Whether you’re just starting out in business or are more established, you probably know to some extent that you can choose how to pay yourself to be as tax-efficient as possible.
But how do you navigate the tax landscape to ensure this is the case? And are there any other considerations which should influence your approach?
We’ll take a few moments to explain the issues, as well as share an optimum salary level for company directors in 2022/23.
The main considerations when assessing director salary rates
There are two main ways in which you can pay yourself as a shareholding company director: salary and dividends.
These are treated differently for tax and state benefit purposes, so when calculating your optimum approach there are several considerations to balance. These include:
- Your corporation tax liability
- Your employer and employee National Insurance liability
- Your income tax rate and personal allowance
- Your dividend tax rate and allowance
- Your entitlement to the state pension
A focus on dividends
Dividends are paid from profit and so will incur a corporation tax liability to your business whenever they are paid. The corporation tax rate is 19% at present and is due nine months after your company year end.
From a personal tax perspective, dividends are taxed at 8.75% for basic rate taxpayers, 33.75% for higher rate taxpayers and 39.75% for additional rate taxpayers.
However, everyone has a dividend allowance which is £2,000 in the 2022/23 tax year. This can be used on top of the personal allowance for income tax. Dividend tax rates are favourable when compared to income tax.
Paying yourself dividends attracts no National Insurance liability, but does not build up any entitlement to state pension.
A focus on salary
In contrast to dividends, salary is considered a deductible expense for corporation tax purposes, so it will not attract the 19% corporation tax liability that dividends do.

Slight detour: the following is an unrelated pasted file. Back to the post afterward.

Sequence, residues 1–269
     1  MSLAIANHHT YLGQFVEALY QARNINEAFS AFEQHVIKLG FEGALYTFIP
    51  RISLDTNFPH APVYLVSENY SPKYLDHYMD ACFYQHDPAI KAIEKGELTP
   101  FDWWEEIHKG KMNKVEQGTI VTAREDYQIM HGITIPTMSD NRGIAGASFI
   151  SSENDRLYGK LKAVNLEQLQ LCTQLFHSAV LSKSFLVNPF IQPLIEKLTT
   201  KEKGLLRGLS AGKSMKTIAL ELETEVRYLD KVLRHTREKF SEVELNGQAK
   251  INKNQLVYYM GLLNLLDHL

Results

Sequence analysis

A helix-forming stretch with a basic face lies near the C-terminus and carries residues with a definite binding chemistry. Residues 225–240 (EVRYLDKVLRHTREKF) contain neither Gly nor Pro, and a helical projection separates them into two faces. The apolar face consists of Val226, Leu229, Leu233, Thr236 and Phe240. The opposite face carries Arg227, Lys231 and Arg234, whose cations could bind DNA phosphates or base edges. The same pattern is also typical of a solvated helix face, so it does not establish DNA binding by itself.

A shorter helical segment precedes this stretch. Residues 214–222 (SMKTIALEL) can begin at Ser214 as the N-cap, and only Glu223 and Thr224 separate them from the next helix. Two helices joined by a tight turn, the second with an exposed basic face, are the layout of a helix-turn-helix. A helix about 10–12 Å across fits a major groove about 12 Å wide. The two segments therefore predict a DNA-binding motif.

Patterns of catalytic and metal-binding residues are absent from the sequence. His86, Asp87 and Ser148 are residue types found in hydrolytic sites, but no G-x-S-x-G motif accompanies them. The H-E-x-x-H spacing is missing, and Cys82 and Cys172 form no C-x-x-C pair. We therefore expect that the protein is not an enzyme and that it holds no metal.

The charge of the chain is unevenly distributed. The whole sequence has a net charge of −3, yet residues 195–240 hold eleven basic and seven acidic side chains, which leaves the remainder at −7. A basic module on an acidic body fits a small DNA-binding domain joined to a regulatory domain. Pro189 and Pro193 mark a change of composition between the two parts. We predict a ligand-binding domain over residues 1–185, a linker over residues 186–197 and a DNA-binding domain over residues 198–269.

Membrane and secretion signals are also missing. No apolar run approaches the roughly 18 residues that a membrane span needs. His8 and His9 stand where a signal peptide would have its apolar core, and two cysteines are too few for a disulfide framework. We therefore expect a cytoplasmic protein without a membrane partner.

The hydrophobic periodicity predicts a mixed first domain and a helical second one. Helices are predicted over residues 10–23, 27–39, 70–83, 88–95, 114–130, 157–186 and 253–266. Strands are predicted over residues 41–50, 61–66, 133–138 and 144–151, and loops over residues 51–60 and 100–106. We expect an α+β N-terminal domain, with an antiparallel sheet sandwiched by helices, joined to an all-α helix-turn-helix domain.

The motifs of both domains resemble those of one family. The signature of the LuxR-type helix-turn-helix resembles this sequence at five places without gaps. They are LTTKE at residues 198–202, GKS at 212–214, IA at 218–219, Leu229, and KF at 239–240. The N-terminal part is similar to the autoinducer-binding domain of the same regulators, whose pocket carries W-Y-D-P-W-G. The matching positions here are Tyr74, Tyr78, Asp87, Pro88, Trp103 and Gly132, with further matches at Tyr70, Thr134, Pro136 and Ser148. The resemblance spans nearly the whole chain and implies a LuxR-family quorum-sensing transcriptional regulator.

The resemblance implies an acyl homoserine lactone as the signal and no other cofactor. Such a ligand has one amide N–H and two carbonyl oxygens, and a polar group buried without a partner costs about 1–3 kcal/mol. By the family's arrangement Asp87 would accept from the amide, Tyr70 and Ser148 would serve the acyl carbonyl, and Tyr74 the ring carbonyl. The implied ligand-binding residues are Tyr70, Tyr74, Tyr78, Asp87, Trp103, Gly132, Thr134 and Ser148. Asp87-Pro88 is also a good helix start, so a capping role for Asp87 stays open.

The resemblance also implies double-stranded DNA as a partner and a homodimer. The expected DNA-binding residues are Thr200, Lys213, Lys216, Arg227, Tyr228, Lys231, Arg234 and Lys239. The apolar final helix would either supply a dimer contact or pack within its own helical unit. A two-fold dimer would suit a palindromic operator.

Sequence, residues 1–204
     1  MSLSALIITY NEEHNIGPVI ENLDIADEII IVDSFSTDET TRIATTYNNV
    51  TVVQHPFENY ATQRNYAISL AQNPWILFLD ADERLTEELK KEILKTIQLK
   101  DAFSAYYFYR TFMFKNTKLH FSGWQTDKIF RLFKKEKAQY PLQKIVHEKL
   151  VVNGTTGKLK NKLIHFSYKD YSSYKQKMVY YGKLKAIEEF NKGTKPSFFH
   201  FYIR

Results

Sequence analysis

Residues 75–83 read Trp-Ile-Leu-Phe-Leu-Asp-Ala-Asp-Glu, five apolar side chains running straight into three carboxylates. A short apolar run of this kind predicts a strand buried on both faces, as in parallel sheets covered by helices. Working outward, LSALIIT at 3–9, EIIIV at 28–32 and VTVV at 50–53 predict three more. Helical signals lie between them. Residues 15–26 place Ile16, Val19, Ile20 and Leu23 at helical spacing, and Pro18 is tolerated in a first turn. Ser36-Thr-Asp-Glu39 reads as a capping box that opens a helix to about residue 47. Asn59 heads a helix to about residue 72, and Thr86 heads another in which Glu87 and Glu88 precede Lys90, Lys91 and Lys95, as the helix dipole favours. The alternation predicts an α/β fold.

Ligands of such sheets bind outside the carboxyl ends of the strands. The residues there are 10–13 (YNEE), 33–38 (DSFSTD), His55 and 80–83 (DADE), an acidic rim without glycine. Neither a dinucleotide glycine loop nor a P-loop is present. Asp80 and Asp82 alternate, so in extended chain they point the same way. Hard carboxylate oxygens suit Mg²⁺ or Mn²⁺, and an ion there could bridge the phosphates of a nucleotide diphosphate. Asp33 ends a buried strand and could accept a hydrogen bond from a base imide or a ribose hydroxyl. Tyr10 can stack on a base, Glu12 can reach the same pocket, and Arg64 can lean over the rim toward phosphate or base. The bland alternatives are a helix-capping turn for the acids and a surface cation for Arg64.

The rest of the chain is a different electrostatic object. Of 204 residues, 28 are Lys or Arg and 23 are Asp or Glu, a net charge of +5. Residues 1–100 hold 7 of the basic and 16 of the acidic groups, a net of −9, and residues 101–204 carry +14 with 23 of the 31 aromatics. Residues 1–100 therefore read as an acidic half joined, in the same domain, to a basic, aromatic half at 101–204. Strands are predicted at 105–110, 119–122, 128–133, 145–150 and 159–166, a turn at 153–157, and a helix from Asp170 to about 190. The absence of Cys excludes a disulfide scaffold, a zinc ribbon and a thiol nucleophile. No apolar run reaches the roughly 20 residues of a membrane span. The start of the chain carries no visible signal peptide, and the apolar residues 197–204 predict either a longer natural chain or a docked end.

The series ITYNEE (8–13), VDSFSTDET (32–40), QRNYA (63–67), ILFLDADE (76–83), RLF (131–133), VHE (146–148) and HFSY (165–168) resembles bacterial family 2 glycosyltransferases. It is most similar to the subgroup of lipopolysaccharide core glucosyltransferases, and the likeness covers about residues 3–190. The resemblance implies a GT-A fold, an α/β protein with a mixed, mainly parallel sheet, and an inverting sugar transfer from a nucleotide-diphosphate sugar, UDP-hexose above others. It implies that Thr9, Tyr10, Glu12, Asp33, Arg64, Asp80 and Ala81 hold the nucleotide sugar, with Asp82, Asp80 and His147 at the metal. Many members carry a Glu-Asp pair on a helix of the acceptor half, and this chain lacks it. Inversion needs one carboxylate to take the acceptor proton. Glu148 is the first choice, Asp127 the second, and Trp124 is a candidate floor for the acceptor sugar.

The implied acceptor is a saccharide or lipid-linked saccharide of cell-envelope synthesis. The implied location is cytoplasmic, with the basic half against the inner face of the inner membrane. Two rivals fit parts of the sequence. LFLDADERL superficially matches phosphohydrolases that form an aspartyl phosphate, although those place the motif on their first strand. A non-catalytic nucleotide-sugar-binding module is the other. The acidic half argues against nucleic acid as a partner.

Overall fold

You do face personal income tax, though, which is payable at 20%, 40% and 45% based on the basic, higher and additional rates. Everyone has a personal allowance of £12,570 which is free from income tax each year.
Importantly, salary is subject to employer and employee National Insurance, and can help you build up a state pension entitlement. It is the thresholds at which these all activate which drives how you should split your remuneration between salary and dividends.
National Insurance and state pension entitlement
To build up an entitlement to the state pension you need to pay yourself a minimum of £6,396 per annum.
This is called the lower earnings threshold. At this level, no employer or employee National Insurance contributions are due, even though you are accruing state benefits.
Employee National Insurance contributions become payable when salary reaches £11,908 (at 13.25%). This is called the primary earnings limit. Employer National Insurance contributions kick in at £9,100 (at 15.05%). This is known as the secondary earnings limit.
The optimum salary for directors
So, taking all of the above into account, the optimum salary which will allow you to build up your state pension while minimising tax liability is the primary earnings limit of £11,908. This works out at £992 per month. Then any remuneration above this can be paid as dividends.
You may notice that this incurs a little employer National Insurance liability as it is over the secondary earnings threshold. However, this still works out more tax-efficient than if you were to pay a salary up to the secondary earnings threshold of £9,100 and then switch to dividends, as the additional corporation tax liability would be higher than the National Insurance liability.
Further advice on director remuneration
It’s always worth speaking to an accountant to ensure that the suggested strategy is right for you, as there are a few nuances that may lead to a change of tack, and the rates can change from year to year.
If you would like to book a call with us to discuss your situation, please do not hesitate to get in touch.